Editorial: Finding the right balance as province eases restrictions

Premier John Horgan has announced his government’s strategy for easing COVID-19 restrictions as we move into summer. Basically his plans mirror a briefing given by the provincial health officer, Dr. Bonnie Henry, two days before.

Dentistry, personal care services including hair styling, restaurants, museums, parks, transit and child care, will reopen in mid-May, along with most provincial parks. Social distancing will still be required.

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Postponed surgeries and imaging scans will be restarted, beginning with the most urgent.

If the infection rate remains low, hotels and resorts could reopen in June, with movie theatres and symphony performances following in July.

But schools will remain closed until September, and gatherings of more than 50 people will remain prohibited until a vaccine is produced, an effective treatment is found, or herd immunity is developed, meaning most of us have had the disease and, hopefully, are immune to further infection. At present, none of these appears imminent.

That means, among other things, that if professional sports leagues restart, games will have to be played in empty stadiums.

In weighing this strategy, it may be helpful to consider where B.C. stands as the outbreak declines. At the end of March, close to the peak of the outbreak, the total number of COVID-19 patients in hospital averaged 150. Intensive care unit patients averaged around 70.

Today there are fewer than 70 COVID-19 patients in hospital, with just 20 in ICU wards.

Against this, some 4,000 hospital beds were emptied at the beginning of the outbreak as a precautionary measure. This was done by cancelling all elective surgeries and imaging scans.

The object behind freeing up beds was to prevent hospitals from being swamped by a surge of seriously ill patients.

It was never assumed that the onset of the disease could be halted. Rather the purpose was to spread it out so that the health-care system had enough excess capacity at any point in time to handle whatever demand might arise. This was called flattening the curve.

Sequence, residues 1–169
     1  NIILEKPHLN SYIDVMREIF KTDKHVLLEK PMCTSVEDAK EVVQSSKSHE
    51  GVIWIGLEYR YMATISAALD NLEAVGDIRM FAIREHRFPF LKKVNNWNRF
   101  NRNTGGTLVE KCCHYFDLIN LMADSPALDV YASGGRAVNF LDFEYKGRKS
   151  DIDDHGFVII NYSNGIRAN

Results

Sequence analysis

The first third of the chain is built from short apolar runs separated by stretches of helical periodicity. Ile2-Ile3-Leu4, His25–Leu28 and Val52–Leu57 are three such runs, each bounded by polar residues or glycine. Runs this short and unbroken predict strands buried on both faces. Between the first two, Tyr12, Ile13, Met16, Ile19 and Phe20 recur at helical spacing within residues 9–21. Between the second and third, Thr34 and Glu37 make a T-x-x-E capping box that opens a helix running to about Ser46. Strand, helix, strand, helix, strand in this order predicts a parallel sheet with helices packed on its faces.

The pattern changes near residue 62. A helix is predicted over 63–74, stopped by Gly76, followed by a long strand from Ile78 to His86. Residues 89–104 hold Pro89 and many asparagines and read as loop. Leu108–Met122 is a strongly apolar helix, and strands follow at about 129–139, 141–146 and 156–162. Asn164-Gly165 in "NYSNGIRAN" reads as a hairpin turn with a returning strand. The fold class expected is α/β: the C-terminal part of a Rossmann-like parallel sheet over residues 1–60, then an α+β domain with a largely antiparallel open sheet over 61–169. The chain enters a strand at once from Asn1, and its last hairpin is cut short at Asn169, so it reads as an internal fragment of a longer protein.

It appears, for the present, that this objective has been achieved. None of our hospitals have been over-stretched. Indeed, most are running at about 70 per cent of capacity. Less than half the province’s ICU beds are occupied, and most of those patients don’t have the virus.

The question then is whether Horgan’s plan finds the correct balance between moving too quickly, or failing to keep up with an improving outlook. Other provinces and countries are moving more quickly.

Politically speaking, the answer is clear. While businesses that have been shuttered or employees who have lost their jobs are distressed, polls show a large majority of Canadians favour a cautious approach. That is what Horgan is offering.

Medically, the way forward is more difficult to frame. Modelling by the B.C. Centre for Disease Control suggests that so long as social distancing and other forms of personal contact remain at 60 per cent of normal, ICU admissions will fall to about 10 by the end of May. This is the approach Horgan proposes.

The same models show that if personal contact levels return to 80 per cent, ICU admissions will rise to more than 160 by mid-June, and may exceed 200 if we return to 100 per cent of pre-COVID personal contacts.

If these numbers are right, Horgan’s strategy is correct. Although that’s a big “if.”

From the onset of the pandemic, a good part of the modelling, worldwide, has been off, in some cases by several orders of magnitude. Only time will tell if the present forecasts are right.

And here we need to introduce a point of principle. At Henry’s daily briefings, reporters are allowed only one question each. No follow-ups are permitted. This reduces reporters to stenographers, and does not generate confidence in the strategy being adopted.

A robust approach, with sound evidence to back it, should be able to withstand the kind of scrutiny that our media have traditionally applied to any public policy.

Nevertheless, for now, we have at least a basis for optimism. We should also add that country-wide, B.C. is seen as having adopted by far the most successful campaign against COVID-19. That is a tribute to everyone involved.

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